Processed with VSCOcam with s3 preset


@thedappertoad presents this special sneak peek of our next #yarnbomb at the #SF Ferry building.

A video posted by Lorna Watt (@knitsforlife) on

We’ll post a link to the show on Facebook when it airs, so be sure to follow my Facebook Page and Instagram!


Buttmunch yarnbomb Monster benches san francisco ferry building Buttmunch yarnbomb Monster benches san francisco ferry building
 When they get badly damaged or soiled we’ll remove them and surprise people with something new. Until then, we hope you get a chance to see them in person. Be sure to tag us @knitsforlife and @thedappertoad so we can share in the fun!

We Knit a Window Display for our Local Yarn Shop


I wanted to share one of the things Jill and I worked on lately. We have an EPIC project going up next week, but in the mean time I’ve managed to squeeze in another fun job.

Downtown San Mateo’s local yarn shop, Nine Rubies, is wonderfully supportive of local crafters and yarnbombing, so it’s no surprise they recruited us to spruce up the huge front window for the holidays.

If you’re in the Bay Area, Nine Rubies just might convince you to get out of the house on Black Friday: they’re offering 40% off everything! Check out the details on their Facebook page here.

Knit Christmas Window DisplayKnit Christmas Window DisplayKnit Christmas Window Display

You might recognize the pom-poms from Jill’s pop-up art gallery installation:

pom pom curtain by the dapper toad

We cut the pom poms off and strung them on green i-cord to make a Christmas tree, which we’re calling a “pom tree.” Ha ha, get it?

If you choose to make your own “pom tree,” I recommend getting a pom-pom maker to speed the process and just start busting through your stash. Jill and I ignored color, trusting randomness to do a good job of making a colorful assortment–and it did. Each pom pom takes about 5 minutes to make, and it takes about 100 to make good impact, so plan accordingly. I’d say a skein of Red Heart Super Saver yarn makes about 3-4 big pom-poms. You can save  money with Caron One Pound Yarn.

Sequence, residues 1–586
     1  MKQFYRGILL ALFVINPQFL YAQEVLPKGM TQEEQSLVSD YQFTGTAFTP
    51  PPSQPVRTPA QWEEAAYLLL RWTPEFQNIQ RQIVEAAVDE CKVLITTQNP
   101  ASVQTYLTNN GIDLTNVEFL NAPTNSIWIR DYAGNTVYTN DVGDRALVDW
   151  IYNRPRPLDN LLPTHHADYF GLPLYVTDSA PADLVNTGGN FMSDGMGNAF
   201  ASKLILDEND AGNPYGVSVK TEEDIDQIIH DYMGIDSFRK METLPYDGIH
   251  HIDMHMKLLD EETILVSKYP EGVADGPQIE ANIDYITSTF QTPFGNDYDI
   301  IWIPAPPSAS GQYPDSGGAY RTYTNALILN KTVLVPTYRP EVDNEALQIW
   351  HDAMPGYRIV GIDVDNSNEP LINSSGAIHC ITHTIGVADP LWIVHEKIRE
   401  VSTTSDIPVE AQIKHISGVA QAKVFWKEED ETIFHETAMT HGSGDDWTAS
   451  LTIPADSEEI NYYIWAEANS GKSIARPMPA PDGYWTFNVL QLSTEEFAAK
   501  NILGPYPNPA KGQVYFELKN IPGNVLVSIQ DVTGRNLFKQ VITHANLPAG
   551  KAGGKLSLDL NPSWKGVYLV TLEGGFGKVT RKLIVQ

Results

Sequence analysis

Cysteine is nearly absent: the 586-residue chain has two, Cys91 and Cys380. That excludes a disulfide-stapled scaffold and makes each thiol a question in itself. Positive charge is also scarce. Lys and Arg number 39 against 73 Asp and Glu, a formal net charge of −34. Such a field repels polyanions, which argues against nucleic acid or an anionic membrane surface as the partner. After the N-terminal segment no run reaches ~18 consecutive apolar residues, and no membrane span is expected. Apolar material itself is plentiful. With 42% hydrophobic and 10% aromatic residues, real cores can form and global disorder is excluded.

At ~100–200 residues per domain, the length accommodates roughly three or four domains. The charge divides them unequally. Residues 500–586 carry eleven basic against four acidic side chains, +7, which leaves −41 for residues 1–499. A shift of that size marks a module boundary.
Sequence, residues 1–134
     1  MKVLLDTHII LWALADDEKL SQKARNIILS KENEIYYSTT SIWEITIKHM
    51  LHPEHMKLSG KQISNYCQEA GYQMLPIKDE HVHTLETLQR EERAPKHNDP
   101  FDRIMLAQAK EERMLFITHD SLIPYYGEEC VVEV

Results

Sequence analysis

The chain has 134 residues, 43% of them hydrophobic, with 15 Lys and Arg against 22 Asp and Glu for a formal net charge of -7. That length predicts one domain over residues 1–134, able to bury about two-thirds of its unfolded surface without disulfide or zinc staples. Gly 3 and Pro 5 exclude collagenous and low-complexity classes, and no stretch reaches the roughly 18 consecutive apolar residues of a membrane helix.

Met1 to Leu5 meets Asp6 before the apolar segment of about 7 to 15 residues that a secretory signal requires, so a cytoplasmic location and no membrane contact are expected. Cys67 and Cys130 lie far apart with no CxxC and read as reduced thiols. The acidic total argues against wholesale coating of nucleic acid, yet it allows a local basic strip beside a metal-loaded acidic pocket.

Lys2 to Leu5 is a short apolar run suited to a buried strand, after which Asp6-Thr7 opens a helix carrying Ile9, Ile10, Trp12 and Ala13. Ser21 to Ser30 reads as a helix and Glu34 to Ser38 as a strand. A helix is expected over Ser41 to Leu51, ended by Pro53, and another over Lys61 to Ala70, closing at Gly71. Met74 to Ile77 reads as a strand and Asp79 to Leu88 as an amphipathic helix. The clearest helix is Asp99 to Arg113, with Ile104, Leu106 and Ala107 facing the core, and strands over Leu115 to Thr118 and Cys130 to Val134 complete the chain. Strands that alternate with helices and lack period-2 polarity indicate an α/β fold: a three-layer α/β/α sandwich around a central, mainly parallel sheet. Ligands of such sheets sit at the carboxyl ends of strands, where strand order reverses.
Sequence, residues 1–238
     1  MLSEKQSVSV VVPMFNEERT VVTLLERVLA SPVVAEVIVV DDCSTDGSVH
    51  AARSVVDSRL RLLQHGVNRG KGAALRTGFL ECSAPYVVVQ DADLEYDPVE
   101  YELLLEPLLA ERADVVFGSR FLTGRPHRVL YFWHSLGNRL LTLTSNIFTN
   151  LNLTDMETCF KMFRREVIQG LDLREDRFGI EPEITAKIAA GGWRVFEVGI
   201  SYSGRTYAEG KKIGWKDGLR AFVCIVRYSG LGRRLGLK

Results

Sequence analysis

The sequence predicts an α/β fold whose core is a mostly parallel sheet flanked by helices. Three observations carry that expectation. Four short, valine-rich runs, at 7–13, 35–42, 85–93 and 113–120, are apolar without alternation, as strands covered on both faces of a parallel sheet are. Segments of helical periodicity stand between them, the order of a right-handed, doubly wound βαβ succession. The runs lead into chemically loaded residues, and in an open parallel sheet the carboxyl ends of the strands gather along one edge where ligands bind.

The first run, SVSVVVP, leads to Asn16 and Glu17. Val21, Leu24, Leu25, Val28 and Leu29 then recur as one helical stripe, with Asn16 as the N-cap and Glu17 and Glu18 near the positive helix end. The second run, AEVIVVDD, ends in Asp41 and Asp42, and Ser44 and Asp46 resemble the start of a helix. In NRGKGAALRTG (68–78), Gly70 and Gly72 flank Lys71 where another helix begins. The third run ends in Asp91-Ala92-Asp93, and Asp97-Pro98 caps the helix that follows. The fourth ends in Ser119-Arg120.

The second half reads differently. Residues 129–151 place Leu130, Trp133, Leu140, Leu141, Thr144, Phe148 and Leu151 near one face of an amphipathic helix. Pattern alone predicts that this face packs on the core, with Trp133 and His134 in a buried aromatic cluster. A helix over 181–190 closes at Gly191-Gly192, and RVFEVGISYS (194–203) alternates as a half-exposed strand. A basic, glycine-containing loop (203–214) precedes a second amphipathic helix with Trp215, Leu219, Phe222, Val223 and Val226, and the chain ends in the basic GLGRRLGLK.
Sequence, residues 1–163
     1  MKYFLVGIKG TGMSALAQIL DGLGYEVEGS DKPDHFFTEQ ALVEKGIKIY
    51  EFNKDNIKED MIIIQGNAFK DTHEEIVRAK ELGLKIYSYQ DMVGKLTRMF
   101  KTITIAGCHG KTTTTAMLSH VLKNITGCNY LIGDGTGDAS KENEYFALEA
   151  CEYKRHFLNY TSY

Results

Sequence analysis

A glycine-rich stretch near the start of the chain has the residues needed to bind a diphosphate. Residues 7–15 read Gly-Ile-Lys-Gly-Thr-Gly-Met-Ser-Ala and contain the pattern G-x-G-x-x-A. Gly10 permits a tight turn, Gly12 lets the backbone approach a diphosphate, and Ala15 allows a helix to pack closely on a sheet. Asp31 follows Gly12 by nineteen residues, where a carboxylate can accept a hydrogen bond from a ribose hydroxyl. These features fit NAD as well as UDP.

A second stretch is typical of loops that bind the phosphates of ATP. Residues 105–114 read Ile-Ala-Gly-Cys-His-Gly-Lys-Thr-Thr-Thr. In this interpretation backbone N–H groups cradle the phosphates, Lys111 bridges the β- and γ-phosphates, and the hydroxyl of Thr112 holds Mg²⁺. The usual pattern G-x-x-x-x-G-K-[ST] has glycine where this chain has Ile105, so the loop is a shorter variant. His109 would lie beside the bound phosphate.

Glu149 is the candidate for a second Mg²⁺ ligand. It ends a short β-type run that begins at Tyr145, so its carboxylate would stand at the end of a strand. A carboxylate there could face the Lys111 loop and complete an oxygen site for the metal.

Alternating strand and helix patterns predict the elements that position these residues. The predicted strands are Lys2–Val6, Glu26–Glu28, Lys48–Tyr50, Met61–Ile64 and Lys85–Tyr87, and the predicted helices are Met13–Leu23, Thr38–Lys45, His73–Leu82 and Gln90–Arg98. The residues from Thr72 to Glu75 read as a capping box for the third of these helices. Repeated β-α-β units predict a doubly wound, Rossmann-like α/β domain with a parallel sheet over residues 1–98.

knit christmas window display

I knit a faux i-cord on my Elna knitting machine–it’s actually a 7 stitch x 14,000 row rectangle, which rolls in on itself when pulled tight. I knit 1,000 rows in just 10 minutes! That’s way faster than those hand crank i-cord machines you can buy at craft stores. Here’s a video of me at the Elna knitting  machine cranking out the faux i-cord.

Today's work: 14,000 rows of knit I-cord for a Christmas tree window display. I'm 1/3 done…

A video posted by Lorna Watt (@knitsforlife) on

We anchored the i-cord between a hook on the ceiling and bricks on the floor, yarnbombed in red and white knit stripes. The yarnbombed bricks jumble in with other candy colored presents under the tree and some toy samples from the shop.

Knit Christmas Window Display

I knit this chevron wrapping paper on my Elna knitting machine with a punch card, baker’s twine for white, and tiny size 10 crochet thread for red. It took forever and my machine jammed, so for the larger presents I switched to Knit Picks’ Brava Sport acrylic yarn on the Bond Ultimate Knitting Machine.
Machine Knit Chevron Wrapping Paper

Don’t you think it would be fun to sew knit wrapping paper on all your Christmas gifts? Just imagine the confusion when your family ponders how to open them.

Knit christmas window display

Such fun! I hope people enjoy the window and that it brings lots of passers-by into the shop.

Stay tuned for our huge new yarnbomb installation going up the first week of December. You can follow our progress on my Instagram, Twitter, and Facebook.



New Products, News, Yarnbombs

A whirlwind first quarter for 2013


So much has been happening lately that I’m excited to tell you about!

I went on vacation to Manchester, England and left a yarnbomb at my favorite tea + cake shop. Anyone catch the Little Britain reference?